VOL. 124 | NO. 36 | Monday, February 23, 2009
Stanford Attorney Quits Following CIO’s Testimony
By Andy Meek
Facing five representatives of the U.S. Securities and Exchange Commission’s Division of Enforcement, the chief investment officer of the Stanford Financial Group family of companies – a woman with close ties to Memphis – raised her right hand.
It was a little after 1 p.m. Tuesday Feb. 10, in the SEC’s office in Fort Worth, Texas. After being put under oath, SEC branch chief Michael King asked Stanford’s chief investment officer Laura Pendergest-Holt to spell her name for the record.
Exactly one week later – the following Tuesday – the SEC raided Stanford offices in multiple cities, including the company’s plush East Memphis digs in The Crescent Center. The agency charged Pendergest-Holt, along with chief financial officer James Davis and Chairman R. Allen Stanford with “a fraud of shocking magnitude” that involved defrauding and luring investors with inflated claims about the company’s products including its certificates of deposit.
Eyes on Texas
The timing of the SEC’s movement against Stanford is related to what happened in that Fort Worth office Feb. 10 – possibly in more ways than one.
For almost four hours, the SEC officials quizzed Pendergest-Holt, who in 2006 was named to the Memphis Business Journal’s Top 40 under 40, a ranking that honors the area’s local business leaders. In the room with her was Thomas Sjoblom, an attorney with the international law firm Proskauer Rose LLP who represented the Stanford company.
Whether the testimony he heard Pendergest-Holt give that day influenced an action he took the next day is unclear. But with little explanation, Sjoblom officially quit representing Stanford Financial’s affiliated companies the day after Pendergest-Holt’s testimony, according to court records the SEC filed last week along with its complaint against Stanford.
Before entering private practice, Sjoblom had worked for the SEC for 20 years. From 1987 to 1999, he was an assistant chief litigation counsel in the SEC’s Division of Enforcement – the same division of the agency whose representatives were peppering Pendergest-Holt with questions Feb. 10.
After she was put under oath, Sjoblom immediately got down to business.
Pre-empting the SEC officials, according to a transcript of the day’s testimony, he asked: “First of all, has there been a criminal referral in this matter?”
King told him that he and his client had been provided with an SEC Form 1662. Among other things, that form reads, “The commission often makes its files available to other governmental agencies, particularly United States Attorneys and state prosecutors. There is a likelihood that information supplied by you will be made available to such agencies where appropriate.”
At press time, criminal charges had not yet been filed against the three executives who were the subject of SEC civil charges last week.
Sjoblom followed that up with another question about whether the SEC is currently working with the U.S. Attorney’s office in the Northern District of Texas or elsewhere.
“Mr. Sjoblom, I just referred you to SEC Form 1662,” King replied.
Sjoblom pressed on. Before Pendergest-Holt began her testimony, he brought up a question of whether the SEC had authority to probe matters related to Stanford’s banking arm, which operates on the Caribbean island of Antigua.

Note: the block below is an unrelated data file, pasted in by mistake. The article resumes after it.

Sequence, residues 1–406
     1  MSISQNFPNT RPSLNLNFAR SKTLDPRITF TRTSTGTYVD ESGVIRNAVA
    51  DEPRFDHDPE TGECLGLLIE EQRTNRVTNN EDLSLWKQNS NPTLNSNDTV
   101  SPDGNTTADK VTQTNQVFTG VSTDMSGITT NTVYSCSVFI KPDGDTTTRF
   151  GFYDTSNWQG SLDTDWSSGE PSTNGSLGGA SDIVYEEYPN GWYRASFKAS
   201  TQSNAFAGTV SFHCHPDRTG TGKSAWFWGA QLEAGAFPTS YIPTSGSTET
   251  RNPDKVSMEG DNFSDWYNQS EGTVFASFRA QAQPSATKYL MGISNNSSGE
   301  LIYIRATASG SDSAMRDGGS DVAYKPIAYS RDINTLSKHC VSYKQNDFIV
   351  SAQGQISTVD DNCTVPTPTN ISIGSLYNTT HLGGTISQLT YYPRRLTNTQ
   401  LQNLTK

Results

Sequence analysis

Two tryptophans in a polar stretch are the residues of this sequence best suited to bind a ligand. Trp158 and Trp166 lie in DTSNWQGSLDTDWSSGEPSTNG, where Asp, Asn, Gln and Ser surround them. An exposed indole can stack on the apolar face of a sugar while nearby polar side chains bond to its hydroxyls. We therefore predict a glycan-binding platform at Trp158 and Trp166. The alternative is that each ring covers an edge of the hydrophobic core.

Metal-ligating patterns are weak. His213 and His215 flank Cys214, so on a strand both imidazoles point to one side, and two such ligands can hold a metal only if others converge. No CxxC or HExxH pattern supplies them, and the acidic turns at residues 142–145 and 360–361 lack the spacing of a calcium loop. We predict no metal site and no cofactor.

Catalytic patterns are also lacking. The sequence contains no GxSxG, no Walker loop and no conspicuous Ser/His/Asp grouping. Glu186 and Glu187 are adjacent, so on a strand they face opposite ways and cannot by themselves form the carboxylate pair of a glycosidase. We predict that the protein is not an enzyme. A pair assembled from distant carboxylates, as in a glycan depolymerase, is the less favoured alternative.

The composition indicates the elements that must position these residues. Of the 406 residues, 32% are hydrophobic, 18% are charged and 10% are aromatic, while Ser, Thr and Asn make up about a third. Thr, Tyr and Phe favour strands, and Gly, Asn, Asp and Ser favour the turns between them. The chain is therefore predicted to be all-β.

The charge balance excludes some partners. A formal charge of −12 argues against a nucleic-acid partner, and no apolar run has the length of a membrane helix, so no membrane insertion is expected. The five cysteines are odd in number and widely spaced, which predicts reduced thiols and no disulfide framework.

The SEC complaint alleges that most of the bank’s investment portfolio was purportedly monitored from Memphis.
“OK,” Sjoblom said. “Next, before you start asking questions ... there’s certainly an issue here whether or not the certificates of deposit are securities. So I have an objection to the purported jurisdiction of the SEC over this instrument.
“Secondly, it’s my view that the bank is located – that’s Stanford International Bank – is located outside the jurisdiction of the United States and there is no jurisdiction by the SEC over that bank and its product lines and, hence, over the information that, I’m sure, you’re going to seek to elicit today.”
Nevertheless, the testimony proceeded. The line of questioning from the SEC officials focused on filling in both personal and professional details about Pendergest-Holt.
They learned, for example, that she was about 23 years old when she joined Stanford in June 1997. They also learned enough to allege in their complaint that she trained employees below her to mislead investors.
The SEC’s complaint says Pendergest-Holt supervised “a group of analysts in Memphis, Tupelo and St. Croix, (U.S. Virgin Islands).”
The Stanford lawyer in the room while Pendergest-Holt gave her testimony, however, soon removed himself from the picture. He gave notice to the SEC Feb. 11, the day after her testimony, that his firm was no longer Stanford’s counsel.
He followed that up with a Feb. 12 fax to Kevin Edmundson, the assistant regional director in the SEC’s Forth Worth office, and left a voice mail message for him the next evening.
Finally, Sjoblom typed a note on his BlackBerry to Edmundson a little after 4 p.m. Saturday, Feb. 14. It read: “Kevin, this will advise the SEC, and confirm my voice message last evening, that I disaffirm all prior oral and written representations made by me and my associates ... to the SEC staff regarding Stanford Financial Group and its affiliates.”
Three days later, the SEC swung into action, charging the Stanford officials with what Rose Romero, regional director of the SEC’s Fort Worth Regional Office, called a “fraud of shocking magnitude that has spread its tentacles throughout the world.”